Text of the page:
With President Donald Trump’s promise to “modernize and rebuild our nuclear arsenal,” his administration is moving to end Savannah River Site’s mission to convert surplus uranium and plutonium into fuel for commercial reactors — part of a long-term plan to rid the nuclear lab near Aiken of up to 34 metric tons of weapons-grade fissionable material.

Instead, the administration wants to dilute the radioactive matter with inert materials and bury it at the Waste Isolation Pilot Plant in New Mexico and start producing nuclear cores, or “pits,” at SRS. They’re the fissionable, grapefruit-size plutonium spheres that produce the chain reaction in a nuclear bomb.

At the same time, the administration is working toward reviving the Yucca Mountain project in Nevada as a means of providing the nation with a permanent nuclear waste repository.

So there are a lot of moving parts, and billions of dollars are at stake. Congress has the ultimate say in which way SRS goes, but the Pentagon and the Energy Department have made clear their intentions.

While parts of the overall plan may be palatable to Gov. Henry McMaster and South Carolina’s congressional delegation, which have supported SRS and its mission to ultimately rid the state of excess plutonium, converting SRS into a production plant for nuclear triggers is a hard sell.

The MOX facility is intended to turn weapons-grade plutonium into commercial fuel for nuclear reactors generating electricity, as part of a 2000 agreement with Russia. However, Russia has since withdrawn from the pact, and U.S. support for the MOX facility has declined.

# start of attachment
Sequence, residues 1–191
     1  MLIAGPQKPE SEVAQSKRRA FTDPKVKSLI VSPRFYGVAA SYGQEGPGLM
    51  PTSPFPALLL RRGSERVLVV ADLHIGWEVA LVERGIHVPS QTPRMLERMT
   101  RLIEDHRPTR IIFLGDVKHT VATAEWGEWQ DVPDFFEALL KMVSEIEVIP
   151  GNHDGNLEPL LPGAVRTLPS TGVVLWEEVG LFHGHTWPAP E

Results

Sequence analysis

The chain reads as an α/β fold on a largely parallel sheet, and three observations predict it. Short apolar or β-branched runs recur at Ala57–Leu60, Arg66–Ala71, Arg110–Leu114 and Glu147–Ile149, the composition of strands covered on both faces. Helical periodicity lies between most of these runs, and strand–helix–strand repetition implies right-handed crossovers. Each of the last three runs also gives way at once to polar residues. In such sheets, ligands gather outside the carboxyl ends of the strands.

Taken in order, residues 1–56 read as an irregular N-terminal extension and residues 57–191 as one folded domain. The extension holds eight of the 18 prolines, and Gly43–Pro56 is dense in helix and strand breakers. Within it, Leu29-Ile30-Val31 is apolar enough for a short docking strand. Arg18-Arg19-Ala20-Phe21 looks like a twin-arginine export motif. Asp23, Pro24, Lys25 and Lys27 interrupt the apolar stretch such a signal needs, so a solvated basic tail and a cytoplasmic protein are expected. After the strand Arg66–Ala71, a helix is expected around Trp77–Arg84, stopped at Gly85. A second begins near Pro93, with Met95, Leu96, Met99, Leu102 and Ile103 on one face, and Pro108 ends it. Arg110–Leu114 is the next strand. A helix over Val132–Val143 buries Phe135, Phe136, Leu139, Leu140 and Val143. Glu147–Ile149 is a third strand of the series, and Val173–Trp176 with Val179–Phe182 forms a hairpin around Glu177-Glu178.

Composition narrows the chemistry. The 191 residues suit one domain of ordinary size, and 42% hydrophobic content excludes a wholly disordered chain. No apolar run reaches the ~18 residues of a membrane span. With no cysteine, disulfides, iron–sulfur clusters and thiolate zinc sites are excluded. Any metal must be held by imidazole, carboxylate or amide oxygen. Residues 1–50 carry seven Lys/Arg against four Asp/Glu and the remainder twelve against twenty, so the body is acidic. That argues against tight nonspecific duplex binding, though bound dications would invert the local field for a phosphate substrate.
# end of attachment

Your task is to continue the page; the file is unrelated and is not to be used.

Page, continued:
Thousands of “pits” are already stockpiled and can be reprocessed for new bombs. The about-face at SRS has the potential to strand even more nuclear waste in South Carolina, where weapons-grade plutonium was shipped from Department of Defense sites around the country.

South Carolinians want to see SRS cleaned up.

Responding to the plan announced last week by the Pentagon and the Energy Department, Gov. McMaster vowed to fight the shutdown of the MOX facility.

“I will utilize all available options to protect South Carolina from becoming a permanent plutonium waste repository,” he wrote in a letter to the Energy Secretary Rick Perry.

Yes, converting SRS into a production facility for pits would save some jobs at SRS, but it would do little toward fulfilling the federal government’s promise to remove radioactive materials from the site.

The shift would, however, take some pressure off the Los Alamos National Laboratory in New Mexico, the only place where plutonium pits have been made since a Cold War-era plant in Colorado shut down. But Los Alamos hasn’t made any pits since producing 29 for Navy submarines in 2011 because the work there has been stalled by a series of safety lapses involving the handling of radioactive material. Safety violations have also slowed the completion of SRS’ MOX facility.

Under the plan endorsed by the Pentagon, SRS would start producing pits, eventually turning out 50 per year by 2030. Los Alamos would produce 30 per year.

Dealing with radioactive waste demands taking a long view. Gov. McMaster and the state’s congressional delegation should work toward a solution in which SRS can contribute to the nation’s defense, get cleaned up and reduce to a minimum the amount of dangerous nuclear waste stored there.